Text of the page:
COVID-19 Quick Info
• COVID-19 (coronavirus disease 2019) is a disease caused by a virus named SARS-CoV-2. It can be very contagious and spreads quickly. Over one million people have died from COVID-19 in the United States.
• COVID-19 most often causes respiratory symptoms that can feel much like a cold, the flu, or pneumonia. COVID-19 may attack more than your lungs and respiratory system. Other parts of your body may also be affected by the disease. Most people with COVID-19 have mild symptoms, but some people become severely ill.
• Some people including those with minor or no symptoms will develop Post-COVID Conditions – also called “Long COVID.”
• Fever or chills
• Shortness of breath
• Muscle or body aches
• New loss of taste or smell
• Sore throat
• Congestion or runny nose
• Nausea or vomiting
• COVID-19 spreads when an infected person breathes out droplets and very small particles that contain the virus. Other people can breathe in these droplets and particles, or these droplets and particles can land on their eyes, nose, or mouth. In some circumstances, these droplets may contaminate surfaces they touch.
• Anyone infected with COVID-19 can spread it, even if they do NOT have symptoms.
• Trouble breathing
• Peristent pain or pressure in the chest
• New confusion
• Inability to wake or stay awake
• Pale, gray, or blue-colored skin, lips, or nail beds, depending on skin tone
If someone is showing any of these signs, call 911 or call ahead to your local emergency facility. Notify the operator that you are seeking care for someone who has or may have COVID-19.
**This list is not all possible symptoms. Please call your medical provider for any other symptoms that are severe or concerning to you.
• Length of time: Longer exposure time increases the risk of transmission.
• Cough or heavy breathing: Activities like coughing, singing, shouting, or breathing heavily due to exertion increase the risk of transmission.
• Symptoms: Being around people who are symptomatic increases the risk of transmission.
• Masks: If one person was wearing a mask, the risk of transmission is decreased, and if both people were wearing masks, the risk is substantially decreased.
• Ventilation and filtration: More outdoor air can decrease the risk of transmission.
• Distance: Being closer to someone who is infected with COVID-19 increases the risk of transmission. Crowded settings can raise your likelihood of being close to someone with COVID-19.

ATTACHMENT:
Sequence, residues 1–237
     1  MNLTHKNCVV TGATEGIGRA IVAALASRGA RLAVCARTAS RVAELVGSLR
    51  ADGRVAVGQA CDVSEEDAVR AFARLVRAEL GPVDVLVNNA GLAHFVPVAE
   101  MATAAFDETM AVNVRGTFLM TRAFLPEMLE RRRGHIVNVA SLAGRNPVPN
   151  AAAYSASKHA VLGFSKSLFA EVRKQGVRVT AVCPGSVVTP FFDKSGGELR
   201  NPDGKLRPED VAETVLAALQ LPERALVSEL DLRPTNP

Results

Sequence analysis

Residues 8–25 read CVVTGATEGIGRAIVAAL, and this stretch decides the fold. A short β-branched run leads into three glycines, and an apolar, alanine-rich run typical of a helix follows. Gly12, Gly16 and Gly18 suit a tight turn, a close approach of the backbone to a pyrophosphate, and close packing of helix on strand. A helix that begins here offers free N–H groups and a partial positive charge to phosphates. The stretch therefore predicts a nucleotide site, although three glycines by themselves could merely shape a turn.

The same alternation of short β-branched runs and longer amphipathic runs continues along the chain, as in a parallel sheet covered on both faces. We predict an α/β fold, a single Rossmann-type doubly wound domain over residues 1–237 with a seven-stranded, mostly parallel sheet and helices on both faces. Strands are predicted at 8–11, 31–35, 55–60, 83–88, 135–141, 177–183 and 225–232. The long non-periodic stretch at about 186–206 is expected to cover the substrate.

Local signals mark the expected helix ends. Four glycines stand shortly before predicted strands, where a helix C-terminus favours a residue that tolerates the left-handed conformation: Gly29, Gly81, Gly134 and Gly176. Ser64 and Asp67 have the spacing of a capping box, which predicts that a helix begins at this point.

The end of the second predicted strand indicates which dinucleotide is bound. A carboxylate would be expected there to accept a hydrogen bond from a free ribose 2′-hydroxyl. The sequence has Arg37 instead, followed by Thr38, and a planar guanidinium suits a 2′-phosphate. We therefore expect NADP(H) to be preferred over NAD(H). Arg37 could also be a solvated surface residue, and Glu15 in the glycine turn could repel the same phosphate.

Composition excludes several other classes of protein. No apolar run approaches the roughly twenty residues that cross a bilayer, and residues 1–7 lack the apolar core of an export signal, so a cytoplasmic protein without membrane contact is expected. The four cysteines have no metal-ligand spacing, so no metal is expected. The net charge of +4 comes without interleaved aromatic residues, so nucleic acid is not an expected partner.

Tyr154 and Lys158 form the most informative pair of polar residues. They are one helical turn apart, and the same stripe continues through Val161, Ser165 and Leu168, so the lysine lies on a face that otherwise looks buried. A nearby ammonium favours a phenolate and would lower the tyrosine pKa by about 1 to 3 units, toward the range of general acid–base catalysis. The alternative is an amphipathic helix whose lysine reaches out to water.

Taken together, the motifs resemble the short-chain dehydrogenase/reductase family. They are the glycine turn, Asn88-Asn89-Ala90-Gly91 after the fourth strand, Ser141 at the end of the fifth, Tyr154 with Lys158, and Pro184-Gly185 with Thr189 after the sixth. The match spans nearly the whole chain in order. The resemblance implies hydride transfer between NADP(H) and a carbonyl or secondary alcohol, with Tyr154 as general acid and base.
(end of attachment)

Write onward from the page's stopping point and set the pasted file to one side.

• If you have symptoms, test immediately.
• If you do not have symptoms but have been exposed to COVID-19, wait at least 5 full days after your exposure before taking a test.
Any positive COVID-19 test means the virus was detected and you have or recently had an infection.
• Isolate and take precautions, including wearing a high-quality mask or respirator, to protect others around you from getting infected.
• Tell people you had recent contact with that they may have been exposed.
• Monitor your symptoms. If you have any emergency warning signs, seek emergency care immediately.
• Contact a healthcare provider, community health center, or pharmacy to learn about treatment options that may be available to you. Treatment must be started within the first few days to be effective.
A negative COVID-19 test means the test did not detect the virus, but this doesn’t rule out that you could have an infection. If you used an antigen test, follow FDA recommendations for repeat testing.
• If you have symptoms:
- You may have COVID-19 but tested before the virus was detectable.
- Consider that you may have another viral infection or illness that you need to get tested for. For many diseases, including flu, early diagnosis and prompt treatment is very important for preventing severe illness.
- Take everyday preventative actions to prevent spreading an illness to others.
- Contact a healthcare provider if you have any questions about your test result or if your symptoms worsen.
• If you do not have symptoms but were exposed to the virus that causes COVID-19, you should continue to take recommended steps after exposure.
• If you do not have symptoms and have not been exposed to the virus that causes COVID-19, you may return to normal activities.
- Continue to take steps to protect yourself and others, including monitoring for symptoms. Get tested again if symptoms appear.
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